In mid-2023 the Association for The Colonial Theatre’s Board of Directors approved the restoration of the 1903 theatre’s historic ceiling medallion–a magnificent design that is an iconic emblem of the theatre itself.

For far longer than anyone ever intended, the center of the 1903 theatre’s ceiling held an unsightly tarp. Its purpose: conceal the damaged medallion situated centrally above the venue’s 658 seats.

“We were digging in our files trying to figure out exactly when that tarp went up,” says Executive Director Jennifer L. Carlson. “No one’s really sure. What we do know is that it’s gone now. The medallion is back!”

Before the tarp could be permanently removed, though, repairs of an intricate and delicate nature were necessary. Repairs best trusted to experienced, artful hands.

Award-winning restoration and preservation artist Aaron Greene hails from a family of artisans, with generations of his family devoted to the architectural arts. Steuben County, NY-based A Greene Shop, run by Aaron and his wife Morgan, specializes in restoring historic sites, including theaters, churches, libraries, and museums.

Restoring The Colonial’s medallion presented a fair share of practical and creative challenges. First, how to reach it? The work needed to be done from beneath, so the only way to go was up. Seats were removed and a massive lift was carefully brought in and parked in the middle of the theatre. With this, Aaron could elevate himself in much the same way you see technicians working on power lines.

Once in place, more challenges were found–and addressed. “We had to pull the sections that were hanging from the ceiling back into plane with the ceiling as best we could,” states Aaron. “And then we used wire to tie them to the beams above. Then we patched the cracks that remained, where the gaps were, because it’s a multi-piece casting and cracks occurred across its entirety.”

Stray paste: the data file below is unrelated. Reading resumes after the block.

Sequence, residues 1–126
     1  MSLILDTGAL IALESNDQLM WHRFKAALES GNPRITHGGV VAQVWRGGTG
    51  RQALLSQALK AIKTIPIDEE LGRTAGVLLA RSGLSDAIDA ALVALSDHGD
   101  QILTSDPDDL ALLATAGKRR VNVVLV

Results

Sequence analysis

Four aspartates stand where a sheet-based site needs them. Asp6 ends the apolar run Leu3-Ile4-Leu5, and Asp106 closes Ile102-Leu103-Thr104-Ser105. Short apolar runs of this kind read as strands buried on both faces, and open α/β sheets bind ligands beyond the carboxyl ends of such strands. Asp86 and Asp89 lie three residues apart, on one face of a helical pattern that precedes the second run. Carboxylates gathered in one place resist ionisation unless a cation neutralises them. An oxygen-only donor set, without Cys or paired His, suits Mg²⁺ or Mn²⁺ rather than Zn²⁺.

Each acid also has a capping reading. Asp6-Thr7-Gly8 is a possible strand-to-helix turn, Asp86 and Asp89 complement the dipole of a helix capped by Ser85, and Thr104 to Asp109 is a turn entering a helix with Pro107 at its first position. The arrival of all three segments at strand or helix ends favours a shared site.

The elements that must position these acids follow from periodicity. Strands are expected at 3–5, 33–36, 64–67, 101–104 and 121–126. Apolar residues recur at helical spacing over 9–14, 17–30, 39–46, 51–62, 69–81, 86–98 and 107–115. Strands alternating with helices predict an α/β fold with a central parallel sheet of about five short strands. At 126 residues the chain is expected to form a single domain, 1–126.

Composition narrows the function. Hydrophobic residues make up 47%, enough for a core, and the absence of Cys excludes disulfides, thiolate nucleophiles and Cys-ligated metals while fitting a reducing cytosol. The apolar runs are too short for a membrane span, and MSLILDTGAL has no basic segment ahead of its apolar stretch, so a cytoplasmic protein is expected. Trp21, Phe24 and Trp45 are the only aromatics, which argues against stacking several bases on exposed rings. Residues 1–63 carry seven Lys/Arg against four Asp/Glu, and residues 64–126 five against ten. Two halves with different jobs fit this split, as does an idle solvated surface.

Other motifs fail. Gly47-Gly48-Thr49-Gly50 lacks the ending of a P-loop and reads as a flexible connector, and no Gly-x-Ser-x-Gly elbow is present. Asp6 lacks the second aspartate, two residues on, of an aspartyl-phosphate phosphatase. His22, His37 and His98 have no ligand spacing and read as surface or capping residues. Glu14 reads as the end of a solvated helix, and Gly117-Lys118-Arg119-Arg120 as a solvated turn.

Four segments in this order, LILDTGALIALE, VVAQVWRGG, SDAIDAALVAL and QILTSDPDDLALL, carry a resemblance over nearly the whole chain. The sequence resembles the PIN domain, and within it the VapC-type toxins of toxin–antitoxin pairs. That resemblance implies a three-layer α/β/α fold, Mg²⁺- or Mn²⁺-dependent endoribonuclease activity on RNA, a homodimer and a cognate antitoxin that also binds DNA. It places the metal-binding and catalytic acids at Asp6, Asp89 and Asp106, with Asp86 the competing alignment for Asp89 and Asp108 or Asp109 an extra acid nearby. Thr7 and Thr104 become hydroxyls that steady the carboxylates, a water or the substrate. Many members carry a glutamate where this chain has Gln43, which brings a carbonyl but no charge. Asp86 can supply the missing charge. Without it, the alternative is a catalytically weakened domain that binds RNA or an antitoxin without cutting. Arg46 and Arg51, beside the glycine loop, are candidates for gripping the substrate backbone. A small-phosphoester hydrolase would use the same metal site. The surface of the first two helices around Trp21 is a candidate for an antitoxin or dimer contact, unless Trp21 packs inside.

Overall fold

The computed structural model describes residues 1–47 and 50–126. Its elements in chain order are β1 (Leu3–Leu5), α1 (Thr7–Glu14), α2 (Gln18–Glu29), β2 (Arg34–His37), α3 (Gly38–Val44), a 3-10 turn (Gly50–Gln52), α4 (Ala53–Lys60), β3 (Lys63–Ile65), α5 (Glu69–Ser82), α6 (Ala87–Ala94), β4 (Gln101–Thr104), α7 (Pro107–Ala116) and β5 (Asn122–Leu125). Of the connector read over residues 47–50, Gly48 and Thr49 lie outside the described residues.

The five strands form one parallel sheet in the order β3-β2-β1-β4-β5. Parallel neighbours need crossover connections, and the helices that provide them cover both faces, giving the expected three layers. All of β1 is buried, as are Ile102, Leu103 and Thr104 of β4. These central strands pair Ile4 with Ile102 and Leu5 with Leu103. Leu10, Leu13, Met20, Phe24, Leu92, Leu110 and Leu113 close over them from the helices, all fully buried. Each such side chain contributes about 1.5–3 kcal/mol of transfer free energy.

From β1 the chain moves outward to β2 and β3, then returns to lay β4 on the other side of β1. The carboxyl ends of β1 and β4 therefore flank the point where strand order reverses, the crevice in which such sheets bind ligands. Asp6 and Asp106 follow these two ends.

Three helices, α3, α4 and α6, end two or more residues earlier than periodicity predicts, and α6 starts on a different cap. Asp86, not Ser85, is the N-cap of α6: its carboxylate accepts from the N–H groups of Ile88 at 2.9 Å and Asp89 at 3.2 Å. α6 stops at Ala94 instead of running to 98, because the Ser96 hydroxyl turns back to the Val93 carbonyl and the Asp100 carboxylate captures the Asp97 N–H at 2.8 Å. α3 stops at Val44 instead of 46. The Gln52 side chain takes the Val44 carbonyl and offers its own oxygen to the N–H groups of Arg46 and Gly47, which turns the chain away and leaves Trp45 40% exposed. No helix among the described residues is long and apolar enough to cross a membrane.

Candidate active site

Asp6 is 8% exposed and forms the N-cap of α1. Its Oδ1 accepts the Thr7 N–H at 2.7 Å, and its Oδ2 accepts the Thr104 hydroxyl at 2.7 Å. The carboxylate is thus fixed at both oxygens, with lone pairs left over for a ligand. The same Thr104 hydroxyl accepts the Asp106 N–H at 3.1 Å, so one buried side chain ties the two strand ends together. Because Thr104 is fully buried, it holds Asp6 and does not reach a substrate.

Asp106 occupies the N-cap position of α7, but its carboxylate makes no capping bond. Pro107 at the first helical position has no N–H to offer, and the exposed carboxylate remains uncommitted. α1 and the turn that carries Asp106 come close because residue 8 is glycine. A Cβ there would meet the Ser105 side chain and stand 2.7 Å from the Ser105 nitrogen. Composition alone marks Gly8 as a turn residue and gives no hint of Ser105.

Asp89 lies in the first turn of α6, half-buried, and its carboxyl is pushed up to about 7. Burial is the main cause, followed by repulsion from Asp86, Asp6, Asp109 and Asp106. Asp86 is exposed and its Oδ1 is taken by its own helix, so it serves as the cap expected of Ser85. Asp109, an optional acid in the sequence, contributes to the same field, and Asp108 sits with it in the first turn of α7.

“I tried to consolidate it, but it fell apart as I wet it, which is the first step of the consolidation.” At one point Aaron created–from scratch–detailed replacement pieces.  “I had to re-glue all the pieces that fell off, as many of them as I could find, and then the rest I sculpted in plaster.””The challenges I came across were that the medallion, in the center, was completely shattered, probably from the removal of the chandelier,” says Aaron. “It was literally hanging on by a thread.”

After sculpting and sanding the new pieces, Aaron brought them into plane, primed them, and was ready to focus on color. Aaron always preserves existing elements as much as the restoration will allow. “The bronze color I kept original, as much as I could, but the center medallion had so much damage that it needed to be completely repainted, including the pearlescent spheres around the center.”

“I painted the flat areas in a matched color, completely new paint, and then the bronze on the larger outer ring, and the spokes of the medallion. And then in the center of the medallion, I used metallic paints.”

Aaron estimates that the rosette itself was from the original 1903 construction. He took this opportunity to reinforce the back of the center medallion with burlap and plaster. “For a project such as this,” states Jennifer, “we were fortunate to work with Aaron, who has decades of experience carefully restoring historic structures.”

Aaron’s detailed workmanship is already garnering praise from audiences who have, for too long, only known the theatre ceiling to hold a tarp. Now a bit of history has returned, and in vibrant form.

“The Colonial Theatre opened in 1903 to provide world-class entertainment to the working class people of Phoenixville and the surrounding area,” notes Jennifer. “This grand central medallion is a beautiful reminder of our past, and an inspirational symbol that our future is looking up.”

Please help us continue to restore and preserve The Colonial Theatre for future generations by making a tax-deductible contribution to the Building Improvement Fund.